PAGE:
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February 26th, 2009

Sibylle Baier featured in new Morning Magazine [ + bonus rant ]


When it comes to print publications, there’s no bones about it: the medium is moribund. Not dead, but dying. Yeah, it’s sad. I’m tempted to grab a cane and fedora and get all old-manny on everyone to wax poetic about the unique pleasure of holding a quality magazine, or book for that matter, in my hands. As a blogger I invite cries of hypocrisy, but, eh, I wouldn’t be a product of my generation if I didn’t.  A well-conceived magazine is an experience. It’s an immersion into the magazine’s mythology, whether that’s a fancy for dogs or a love of folk music. The magazine as we know it died because a decline in specialization, because the “mainstream” medium courted too broad a demography and, in doing so, made loyalty difficult. Magazines like Arthur capture the zeitgeist for a very specific group of people, and though its sales will never stand beside Rolling Stone or Spin, it will endure in some form because its connection with readers is visceral, not fickle. It’s human.

With that said, I wanted to let you all know about a great magazine that just came out. It’s called Morning Magazine. Published in a limited edition of 130 numbered copies, Morning is a magazine devoted to cult sixties/seventies music. Each copy of the magazine features exclusive interviews and original artwork by Iker Spozio. The debut issue has rare photographs and interviews with Sibylle Baier, Norman Jopling (one of the most important music journalists of the sixties), the Poets’ George Gallacher (interview conducted by John Cavanagh), the Peep Show’s Stephen Morris and the Litter’s Tom “Zip” Caplan.

Check it out, and maybe throw some support their way too. It’s good stuff.

[ Morning Magazine Website ]

[ download ] Sibylle Baier – Tonight

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  1. Nice rant. I think that while it is unfortunate that the magazine is dying, I do not think it will ever die. It may become a very rare bird some time down the line, but I am an unbeliever in its complete extinction. Written symbology/word on physical medium has existed since the dawn of humanity and I think that it is imprinted on our creative (sub)consciousness enough for it to be ever-lingering. I think expressing oneself in hand-written word is an integral part of our collective humanity, and equally as human as connecting to the visceral/psychic person or society. At least I hope that society does not get out of touch with the medium; maybe I hold those opinions in hopeful naivete. I am not sure about the lack of specialization being the disease, although that could certainly be a part of it. The industry is a bit over-saturated though. I think the magazine industry lacks the excitement, importance and urgency that it once carried pre-cybertopia. Besides, a lot of them are now too garish and over-saturated with ads. It is no longer culturally important; there is TV, there is the web. That said I think the bigger picture, especially nowadays, is that digital interface and community is just the bigger beast. Why get a subscription when you can just read it online?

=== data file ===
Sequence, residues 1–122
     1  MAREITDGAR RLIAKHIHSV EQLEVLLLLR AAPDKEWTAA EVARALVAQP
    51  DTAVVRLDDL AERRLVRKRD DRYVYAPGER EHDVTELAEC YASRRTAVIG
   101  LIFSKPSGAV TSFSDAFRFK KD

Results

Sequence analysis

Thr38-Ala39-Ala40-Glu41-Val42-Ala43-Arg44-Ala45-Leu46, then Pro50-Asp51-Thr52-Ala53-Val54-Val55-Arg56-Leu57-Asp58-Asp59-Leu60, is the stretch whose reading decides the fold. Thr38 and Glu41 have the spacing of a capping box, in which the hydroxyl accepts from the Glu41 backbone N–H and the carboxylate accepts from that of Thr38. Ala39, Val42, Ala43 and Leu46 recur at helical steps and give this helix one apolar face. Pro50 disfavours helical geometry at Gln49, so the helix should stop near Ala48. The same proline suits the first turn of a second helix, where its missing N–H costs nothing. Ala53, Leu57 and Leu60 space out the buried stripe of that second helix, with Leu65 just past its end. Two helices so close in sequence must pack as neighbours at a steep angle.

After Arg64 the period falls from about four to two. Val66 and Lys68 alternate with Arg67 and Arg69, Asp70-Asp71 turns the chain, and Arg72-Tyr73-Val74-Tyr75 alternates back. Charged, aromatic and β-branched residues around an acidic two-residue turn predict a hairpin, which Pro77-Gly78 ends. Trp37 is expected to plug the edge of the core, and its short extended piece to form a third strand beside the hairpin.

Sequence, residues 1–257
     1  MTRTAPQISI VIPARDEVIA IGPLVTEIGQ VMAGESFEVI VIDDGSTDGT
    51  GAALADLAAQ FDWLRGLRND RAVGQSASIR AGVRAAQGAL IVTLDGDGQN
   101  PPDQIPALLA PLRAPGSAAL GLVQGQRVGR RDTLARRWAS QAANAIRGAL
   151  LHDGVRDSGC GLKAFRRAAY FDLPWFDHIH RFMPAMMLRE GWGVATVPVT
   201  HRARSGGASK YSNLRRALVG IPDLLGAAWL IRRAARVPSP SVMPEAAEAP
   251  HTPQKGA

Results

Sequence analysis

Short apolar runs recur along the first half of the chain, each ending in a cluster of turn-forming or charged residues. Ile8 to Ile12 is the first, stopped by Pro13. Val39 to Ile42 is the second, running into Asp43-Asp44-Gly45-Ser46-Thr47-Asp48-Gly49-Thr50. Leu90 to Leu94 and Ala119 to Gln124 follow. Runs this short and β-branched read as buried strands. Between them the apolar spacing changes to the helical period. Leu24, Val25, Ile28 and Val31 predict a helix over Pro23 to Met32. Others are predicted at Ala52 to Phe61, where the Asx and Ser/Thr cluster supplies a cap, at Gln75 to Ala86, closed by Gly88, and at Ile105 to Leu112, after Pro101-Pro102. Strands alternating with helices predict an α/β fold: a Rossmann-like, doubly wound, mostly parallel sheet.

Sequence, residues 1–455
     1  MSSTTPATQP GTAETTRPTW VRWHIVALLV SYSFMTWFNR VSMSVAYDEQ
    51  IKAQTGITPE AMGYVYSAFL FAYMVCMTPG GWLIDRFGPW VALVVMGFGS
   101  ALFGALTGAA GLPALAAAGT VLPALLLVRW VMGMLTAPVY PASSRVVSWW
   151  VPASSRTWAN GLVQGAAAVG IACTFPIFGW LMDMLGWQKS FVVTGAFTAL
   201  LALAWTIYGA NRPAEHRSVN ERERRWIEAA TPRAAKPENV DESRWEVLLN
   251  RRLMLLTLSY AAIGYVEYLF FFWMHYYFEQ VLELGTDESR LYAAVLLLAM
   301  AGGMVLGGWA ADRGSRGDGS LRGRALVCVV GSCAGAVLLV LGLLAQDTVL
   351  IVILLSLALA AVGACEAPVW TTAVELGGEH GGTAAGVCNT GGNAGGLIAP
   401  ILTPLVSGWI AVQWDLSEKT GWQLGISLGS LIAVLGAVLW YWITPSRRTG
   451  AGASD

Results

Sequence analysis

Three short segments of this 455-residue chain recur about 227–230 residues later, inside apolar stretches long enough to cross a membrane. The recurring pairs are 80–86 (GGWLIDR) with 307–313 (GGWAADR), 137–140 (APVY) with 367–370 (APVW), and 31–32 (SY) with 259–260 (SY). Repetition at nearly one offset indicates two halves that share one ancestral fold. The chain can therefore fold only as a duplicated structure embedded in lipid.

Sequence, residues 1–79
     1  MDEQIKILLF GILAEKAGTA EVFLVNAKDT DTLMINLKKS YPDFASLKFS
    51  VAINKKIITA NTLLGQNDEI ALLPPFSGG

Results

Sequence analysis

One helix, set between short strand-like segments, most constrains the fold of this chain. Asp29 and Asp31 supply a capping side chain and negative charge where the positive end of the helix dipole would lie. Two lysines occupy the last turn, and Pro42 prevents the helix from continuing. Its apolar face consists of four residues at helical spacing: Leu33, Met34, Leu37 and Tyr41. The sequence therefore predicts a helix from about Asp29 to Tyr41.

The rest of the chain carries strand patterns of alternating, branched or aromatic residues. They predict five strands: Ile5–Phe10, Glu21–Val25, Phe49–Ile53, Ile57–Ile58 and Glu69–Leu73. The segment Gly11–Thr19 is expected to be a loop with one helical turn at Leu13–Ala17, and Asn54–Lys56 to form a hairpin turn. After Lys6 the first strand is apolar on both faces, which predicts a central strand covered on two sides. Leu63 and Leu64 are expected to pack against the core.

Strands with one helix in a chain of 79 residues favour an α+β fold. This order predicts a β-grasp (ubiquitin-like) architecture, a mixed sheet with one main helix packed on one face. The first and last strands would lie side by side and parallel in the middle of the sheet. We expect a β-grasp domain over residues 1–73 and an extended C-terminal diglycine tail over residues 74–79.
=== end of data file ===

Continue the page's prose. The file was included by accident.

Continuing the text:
I, myself, prefer the more physical connection, especially when it comes to important and urgent cultural messengers such as Arthur (which is ironically in online hibernation as you probably know). I think those special magazines, the ones that really showcase that very manual creativity and the beauty of humanity are the ones that will (hopefully) stick around.
    Just one man’s two cents.

    Comment by DC Gale — February 27, 2009 @ 6:55 am
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  7. […] (que tan solo publicó 130 copias en papel) en el año 2009, y es ahí donde hemos podido saber un poco más sobre su vida, pero, en el fondo, es como un fantasma al que sólo podemos reconocer por su voz grave y […]

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